JMU poet is finalist for Library of Virginia Literary Award
Lauren Alleyne, assistant director of the Furious Flower Poetry Center at James Madison University and an associate professor of English, is one of three finalists in the poetry category for the Library of Virginia’s 23rd annual Literary Awards.
The finalists were chosen by an independent panel of judges from more than 130 books nominated. The winner in each category – fiction and nonfiction are the other categories – will be announced Saturday, Oct. 17, during a virtual celebration at the Library of Virginia.
Alleyne was nominated for her most recent book, “Honeyfish.”
Why do you write poetry?
Oh, goodness, for so many reasons! To understand the world. To understand myself. To heal. To witness. To inspire. To be inspired. To remember. To mourn. To celebrate. To document. To be.
How long did you work on “Honeyfish?”
The poems in “Honeyfish” range from 2011 to 2019. I will say that I wasn’t working on a book, per se, but writing individual poems, and they coalesced into what became “Honeyfish.”
What do you hope readers take away from “Honeyfish?”
I am wary of prescribing what people should take away. I know that through the poems, I was able to think about place and what it means to be from somewhere, to live somewhere you’re not from, to visit other places. It was a journey for me that connected so many parts of my life. For many readers, the book itself will be a strange place they visit, and all I can hope is that they have a rewarding journey through it.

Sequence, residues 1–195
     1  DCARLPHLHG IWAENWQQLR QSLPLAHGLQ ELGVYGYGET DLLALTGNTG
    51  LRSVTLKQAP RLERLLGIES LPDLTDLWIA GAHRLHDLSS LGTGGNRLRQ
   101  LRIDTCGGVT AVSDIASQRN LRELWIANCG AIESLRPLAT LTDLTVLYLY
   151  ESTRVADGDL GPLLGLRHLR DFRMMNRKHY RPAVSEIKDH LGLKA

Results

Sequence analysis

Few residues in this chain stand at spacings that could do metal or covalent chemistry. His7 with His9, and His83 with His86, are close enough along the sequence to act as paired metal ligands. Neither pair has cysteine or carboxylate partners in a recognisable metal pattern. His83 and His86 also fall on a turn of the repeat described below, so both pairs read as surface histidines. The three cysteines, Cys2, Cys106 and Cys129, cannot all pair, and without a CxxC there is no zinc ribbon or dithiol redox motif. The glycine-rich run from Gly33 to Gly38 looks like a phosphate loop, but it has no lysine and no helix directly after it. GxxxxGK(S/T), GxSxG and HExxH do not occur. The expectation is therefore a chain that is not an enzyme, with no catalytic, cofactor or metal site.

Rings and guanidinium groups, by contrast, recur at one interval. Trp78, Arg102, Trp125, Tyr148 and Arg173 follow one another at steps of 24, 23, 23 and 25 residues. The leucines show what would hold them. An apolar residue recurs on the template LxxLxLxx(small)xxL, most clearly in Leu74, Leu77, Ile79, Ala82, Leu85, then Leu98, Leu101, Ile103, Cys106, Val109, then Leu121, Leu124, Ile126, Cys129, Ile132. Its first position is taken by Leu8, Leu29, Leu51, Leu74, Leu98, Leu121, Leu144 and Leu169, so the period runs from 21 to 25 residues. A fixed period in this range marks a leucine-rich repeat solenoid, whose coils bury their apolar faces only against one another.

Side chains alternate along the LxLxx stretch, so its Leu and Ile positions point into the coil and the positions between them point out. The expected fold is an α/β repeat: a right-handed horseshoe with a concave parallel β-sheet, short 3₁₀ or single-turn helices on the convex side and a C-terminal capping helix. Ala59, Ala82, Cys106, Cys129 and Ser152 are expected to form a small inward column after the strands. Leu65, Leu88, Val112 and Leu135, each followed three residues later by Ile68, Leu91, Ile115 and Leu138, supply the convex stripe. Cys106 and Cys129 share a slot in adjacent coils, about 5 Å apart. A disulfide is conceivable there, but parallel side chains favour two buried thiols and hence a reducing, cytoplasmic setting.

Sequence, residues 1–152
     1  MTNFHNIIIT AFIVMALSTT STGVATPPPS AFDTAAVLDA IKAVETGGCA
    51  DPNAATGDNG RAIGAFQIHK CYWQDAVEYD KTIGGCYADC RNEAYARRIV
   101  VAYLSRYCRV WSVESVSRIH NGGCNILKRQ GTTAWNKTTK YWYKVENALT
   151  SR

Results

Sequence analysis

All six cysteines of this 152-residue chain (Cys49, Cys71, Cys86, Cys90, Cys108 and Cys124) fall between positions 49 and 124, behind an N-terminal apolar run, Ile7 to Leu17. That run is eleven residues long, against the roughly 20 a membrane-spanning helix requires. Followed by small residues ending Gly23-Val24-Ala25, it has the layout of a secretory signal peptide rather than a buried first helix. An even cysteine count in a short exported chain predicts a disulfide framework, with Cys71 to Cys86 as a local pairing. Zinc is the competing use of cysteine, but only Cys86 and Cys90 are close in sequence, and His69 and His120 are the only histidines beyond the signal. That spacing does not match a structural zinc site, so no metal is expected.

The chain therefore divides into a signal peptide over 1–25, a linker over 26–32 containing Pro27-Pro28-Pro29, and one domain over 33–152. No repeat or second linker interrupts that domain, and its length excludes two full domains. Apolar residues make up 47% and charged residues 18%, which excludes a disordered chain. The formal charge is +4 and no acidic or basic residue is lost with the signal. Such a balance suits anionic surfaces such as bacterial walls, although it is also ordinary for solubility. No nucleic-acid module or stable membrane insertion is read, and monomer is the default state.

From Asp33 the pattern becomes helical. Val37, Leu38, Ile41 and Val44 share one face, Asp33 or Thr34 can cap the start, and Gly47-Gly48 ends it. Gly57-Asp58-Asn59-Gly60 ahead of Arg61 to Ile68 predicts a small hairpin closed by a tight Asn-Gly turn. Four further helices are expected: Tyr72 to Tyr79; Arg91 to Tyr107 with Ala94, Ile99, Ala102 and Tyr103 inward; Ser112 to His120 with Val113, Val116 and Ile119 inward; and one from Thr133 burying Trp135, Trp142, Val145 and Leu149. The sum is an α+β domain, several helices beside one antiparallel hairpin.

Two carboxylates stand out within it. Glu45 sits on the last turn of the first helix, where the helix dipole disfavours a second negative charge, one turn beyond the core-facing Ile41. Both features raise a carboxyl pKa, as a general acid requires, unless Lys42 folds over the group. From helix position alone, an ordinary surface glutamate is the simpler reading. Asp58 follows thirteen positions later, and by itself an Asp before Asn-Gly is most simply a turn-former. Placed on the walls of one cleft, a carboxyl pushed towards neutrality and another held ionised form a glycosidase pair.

Did writing “Honeyfish” inform your teaching?
Teaching keeps me on my toes, and writing keeps me honest in my teaching. I often had to remind myself to take my own advice, to cut a line I liked, or go deeper in a poem, or to let something sit because it wasn’t ready despite my pushing. I love teaching poetry because all I’m doing is sharing my practice, and what I’ve learned along the way with my students and then practicing alongside them!
What else would you like to say about “Honeyfish” or the award nomination?
I want to say how incredibly honored I am to have been recognized in this way. That it is a library award. I adore libraries and librarians! That it is here in Virginia is already a double win because it represents an intersection of the intellectual community and the regional community, the mind space and physical space I inhabit. To know my work resonated so resoundingly among the members of those communities is humbling and thrilling!
To learn more about Alleyne and her writing, visit her website.